Last week I went to get my nails done. I haven’t always been a “nail” person, but about a year ago, I realized I found it helpful to sit in the salons and just relax. On top of that, the owners used to be our neighbors and their daughter had just started classes at the gym. For the first couple of weeks, I went with whomever was available for my appointment. Then, I noticed the owners started taking me themselves. 


I don’t require elaborate designs and I don’t know enough to be picky, so I couldn’t quite figure out why the owners insisted on doing my nails themselves rather than the other four nail techs in the salon. I eventually realized they’re taking care of me because they want to make me happy and ensure I’m getting the best possible service every time.


But there are also some major drawbacks to taking care of people yourself in an effort to get it done right.


My nails used to take about 40 minutes. Now they take about an hour (even longer last week) as the owners are the go-to for all phone calls, walk-ins, people making appointments and other nail techs who may need help. That means at least 2-3 times per appointment, I’m sitting there for a few minutes waiting for them to come back or continue. I’m patient. As I said, I go to relax, so it doesn’t bother me, but last week it gave me some extra time to reflect on how I used to do that at my gym, and how it was holding me back from growth…


I used to believe I was the best person for our front desk. Need something? I know everything, so I can help! Got a question? If it’s a decision that needs to be made, I can make it. Heck, I’m the owner. The same drawbacks the owners of the salon have are ones I experienced back in 2015.


If a coach became sick during her shift, I was dealing with that on top of working front desk. If a parent became upset about something, I would handle it right then and there instead of setting up a meeting for the next day like my front desk girls would do. Inevitably, I had become the worst front desk person. It took people three times longer to get a parent’s question answered, because I was doing all the things. 


It wasn’t until someone convinced me that a staff member could actually do it better than me that I gave it a try. I didn’t believe it was possible, but was willing to give it a shot. The first few front desk people were OK. They did their jobs and it was about 80% as good as I could have done it. So, I made systems and revised the training. The third front desk person I ever hired was Melanie (who is my amazing gym manager now 9 years later). She’ll admit, she was good – not great. She was a full-time college student who was figuring out life. But, she could follow systems like a champ, so she quickly became our second best front desk person – just second to me.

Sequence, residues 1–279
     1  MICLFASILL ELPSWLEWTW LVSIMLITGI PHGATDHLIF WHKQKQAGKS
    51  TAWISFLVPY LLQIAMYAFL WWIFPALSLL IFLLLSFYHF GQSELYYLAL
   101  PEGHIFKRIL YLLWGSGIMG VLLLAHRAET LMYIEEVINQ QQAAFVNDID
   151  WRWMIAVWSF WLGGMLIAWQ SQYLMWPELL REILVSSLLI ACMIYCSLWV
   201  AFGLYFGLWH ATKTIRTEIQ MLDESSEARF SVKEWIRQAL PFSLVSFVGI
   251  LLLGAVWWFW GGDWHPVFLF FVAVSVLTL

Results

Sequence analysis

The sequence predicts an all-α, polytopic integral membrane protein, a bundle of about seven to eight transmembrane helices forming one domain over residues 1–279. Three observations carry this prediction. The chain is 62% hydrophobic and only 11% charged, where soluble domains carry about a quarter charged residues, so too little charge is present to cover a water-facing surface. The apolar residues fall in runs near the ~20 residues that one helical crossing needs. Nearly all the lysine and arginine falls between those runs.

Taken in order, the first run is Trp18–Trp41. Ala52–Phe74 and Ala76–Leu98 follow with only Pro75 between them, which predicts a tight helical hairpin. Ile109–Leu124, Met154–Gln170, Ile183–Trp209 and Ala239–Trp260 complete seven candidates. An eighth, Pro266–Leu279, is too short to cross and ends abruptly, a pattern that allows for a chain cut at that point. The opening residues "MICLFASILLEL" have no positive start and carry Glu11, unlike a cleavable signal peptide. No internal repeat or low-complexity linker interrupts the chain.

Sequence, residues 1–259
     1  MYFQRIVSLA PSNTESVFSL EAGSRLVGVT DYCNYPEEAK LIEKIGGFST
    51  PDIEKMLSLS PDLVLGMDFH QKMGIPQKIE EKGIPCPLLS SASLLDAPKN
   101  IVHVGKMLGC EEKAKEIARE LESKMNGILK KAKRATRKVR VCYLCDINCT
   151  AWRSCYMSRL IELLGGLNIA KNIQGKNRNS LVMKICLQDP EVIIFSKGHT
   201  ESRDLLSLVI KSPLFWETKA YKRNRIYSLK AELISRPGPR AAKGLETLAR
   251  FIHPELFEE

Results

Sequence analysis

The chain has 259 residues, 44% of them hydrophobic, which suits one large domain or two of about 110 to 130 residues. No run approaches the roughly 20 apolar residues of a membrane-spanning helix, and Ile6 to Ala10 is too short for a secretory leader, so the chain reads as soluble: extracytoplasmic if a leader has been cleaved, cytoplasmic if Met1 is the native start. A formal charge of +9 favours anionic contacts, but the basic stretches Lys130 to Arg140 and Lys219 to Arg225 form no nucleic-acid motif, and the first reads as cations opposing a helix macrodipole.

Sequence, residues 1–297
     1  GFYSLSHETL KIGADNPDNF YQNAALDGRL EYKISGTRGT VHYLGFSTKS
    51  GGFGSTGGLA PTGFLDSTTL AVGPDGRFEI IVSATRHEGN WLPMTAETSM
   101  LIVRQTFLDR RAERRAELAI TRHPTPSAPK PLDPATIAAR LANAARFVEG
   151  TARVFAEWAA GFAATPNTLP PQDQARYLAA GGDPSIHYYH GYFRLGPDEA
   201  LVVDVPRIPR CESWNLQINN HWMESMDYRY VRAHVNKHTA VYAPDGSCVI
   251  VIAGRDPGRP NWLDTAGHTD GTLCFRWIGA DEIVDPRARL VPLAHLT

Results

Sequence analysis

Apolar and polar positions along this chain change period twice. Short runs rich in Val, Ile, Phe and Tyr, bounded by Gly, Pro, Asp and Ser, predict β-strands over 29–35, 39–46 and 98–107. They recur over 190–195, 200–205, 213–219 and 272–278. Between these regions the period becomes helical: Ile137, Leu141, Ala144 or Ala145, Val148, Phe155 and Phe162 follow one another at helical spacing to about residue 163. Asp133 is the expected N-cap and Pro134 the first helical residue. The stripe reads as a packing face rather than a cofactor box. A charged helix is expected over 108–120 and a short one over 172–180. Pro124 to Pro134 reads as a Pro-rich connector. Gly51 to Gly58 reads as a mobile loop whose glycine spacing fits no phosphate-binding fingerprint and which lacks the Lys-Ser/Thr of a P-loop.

Not long after that, I saw a shift. Melanie was taking care of customers better than me. She had time to learn the names of the parents, and built relationships with them. She knew the answers to their questions and could answer them in a friendly, yet efficient manner. It took some time for our original members to trust her answer and not ask to speak to me instead, but we figured out a few ways to build her credibility and even that was eventually solved. 


When we decided to hire a second person for the front desk, Melanie became her trainer. Mel had done even better than I could have. She was able to focus 100% on this person’s training and not be pulled in 18 different directions. Today, I actually feel a little out of place at the front desk. I created every system and process up there, but I haven’t had to step in and work the front desk in years, so I’m honestly a little rusty. 


The same thing happened to me with coaching. I was the strongest coach in the gym. I knew the most when it came to grips, stunting and how to put together a routine. But, when there was something going on at the gym, my attention was pulled in different directions. When our plumbing backed up and we had no bathrooms or water fountains one night, I found it nearly impossible to coach as it was an issue that required the owners’ assistance. Yet, I was supposed to be cleaning standing tumbling.


So, at one point, I focused on building up staff. I no longer wanted to be the best when it came to coaching all star. I wanted to train others and get them to where I was. Because I love cheer, I didn’t want to stop learning, but I also had to stop hoarding the information for myself. We invested in staff training, and I connected my staff with the best resources in the industry.